Turf Troubleshooting: Problem Solving for Golf Course Superintendents
Jim Kerns, Ph.D.
Golf course superintendents are constantly forced to make impromptu decisions regarding a wide range of agronomic issues. When turf declines, superintendents feel immense pressure to diagnose the problem accurately and quickly implement a cost effective control measure. However, the symptoms of different turfgrass problems are often similar, so superintendents must use a variety of techniques and services to assist in the diagnosis process. Failure to correctly identify the source of the problem may lead to rapid turf decline. Since superintendents are under tremendous pressure to maintain perfect playing conditions, they may hastily implement a chemical program as a control measure. Yet, these applications may pose a risk to the environment and lead to unwanted expenditures.
This 90-minute webcast will provide participants with the ability to employ troubleshooting tactics to increase their speed and accuracy of turf problem diagnosis. Basic principles of problem-solving methods and troubleshooting will be reviewed. Emphasis will be placed on the tools, procedures, resources, and services needed to diagnose the most common causes of turfgrass decline. Topics will include environmental monitoring, nutrient analysis, soil physical and chemical properties, nematode analysis, and diagnosis of fungal diseases.
Original presentation date: Oct. 18, 2012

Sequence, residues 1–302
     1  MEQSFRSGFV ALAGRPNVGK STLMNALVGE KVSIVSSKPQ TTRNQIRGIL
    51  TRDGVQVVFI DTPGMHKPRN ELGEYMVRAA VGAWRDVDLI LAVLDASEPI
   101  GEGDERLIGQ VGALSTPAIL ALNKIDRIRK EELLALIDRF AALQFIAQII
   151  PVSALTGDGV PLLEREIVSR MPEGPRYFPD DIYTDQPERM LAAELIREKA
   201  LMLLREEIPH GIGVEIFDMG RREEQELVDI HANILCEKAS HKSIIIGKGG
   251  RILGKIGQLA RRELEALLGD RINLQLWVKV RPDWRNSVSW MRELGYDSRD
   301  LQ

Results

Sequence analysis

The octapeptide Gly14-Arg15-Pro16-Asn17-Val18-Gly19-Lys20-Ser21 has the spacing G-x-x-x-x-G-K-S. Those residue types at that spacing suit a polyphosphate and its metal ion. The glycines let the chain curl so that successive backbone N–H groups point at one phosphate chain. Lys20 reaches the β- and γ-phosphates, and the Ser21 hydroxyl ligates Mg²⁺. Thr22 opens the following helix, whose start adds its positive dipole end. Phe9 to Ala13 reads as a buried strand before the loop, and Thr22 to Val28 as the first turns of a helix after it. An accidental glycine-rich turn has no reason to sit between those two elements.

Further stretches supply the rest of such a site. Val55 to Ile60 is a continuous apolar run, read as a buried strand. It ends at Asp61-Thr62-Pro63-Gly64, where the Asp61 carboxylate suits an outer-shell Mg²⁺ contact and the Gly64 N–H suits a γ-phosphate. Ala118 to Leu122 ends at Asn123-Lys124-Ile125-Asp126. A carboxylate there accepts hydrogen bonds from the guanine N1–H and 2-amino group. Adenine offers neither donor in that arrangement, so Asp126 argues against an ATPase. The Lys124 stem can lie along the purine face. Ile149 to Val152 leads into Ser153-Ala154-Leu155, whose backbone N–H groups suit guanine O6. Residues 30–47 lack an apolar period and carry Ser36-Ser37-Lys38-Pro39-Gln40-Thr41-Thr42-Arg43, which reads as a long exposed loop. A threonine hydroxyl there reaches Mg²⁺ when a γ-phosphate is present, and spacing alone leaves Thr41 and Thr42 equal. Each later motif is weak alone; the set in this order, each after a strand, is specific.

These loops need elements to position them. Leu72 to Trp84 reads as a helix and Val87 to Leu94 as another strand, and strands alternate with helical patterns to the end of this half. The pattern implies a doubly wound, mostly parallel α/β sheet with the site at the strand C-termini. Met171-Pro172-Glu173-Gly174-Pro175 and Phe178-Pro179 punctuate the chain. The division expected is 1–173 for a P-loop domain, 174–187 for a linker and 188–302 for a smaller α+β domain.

About the instructor
Jim Kerns, Ph.D., is an assistant professor and extension specialist in the department of plant pathology at the University of Wisconsin-Madison. He earned his bachelor's degree in agronomy from North Carolina State University, his master's degree in agronomy from Texas A&M University and his doctorate in plant pathology from North Carolina State University. He is a member of the Wisconsin GCSA and Northern Great Lakes GCSA. Kerns’ extension efforts focus on educating turfgrass managers on identifying disease problems, employing control measures that are efficacious, cost-effective and environmentally sound, and managing fungicide resistance. His turf interests include research in laboratory, greenhouse, growth chamber, and field environments focusing on, but not limited to, three important diseases of turfgrasses in Wisconsin: dollar spot, anthracnose and snow mold.
Member price: Free
Nonmember price: $60
Chapter price: $100
Education points: 0.2
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IPM Council of Canada credits:
This webcast has been approved for continuing education credits (CECs) as part of the IPM Accreditation Program administered by the IPM Council of Canada. To earn CECs for the recorded event, you will need to complete the short exam and return it to GCSAA. A certificate of completion will be issued upon successful completion.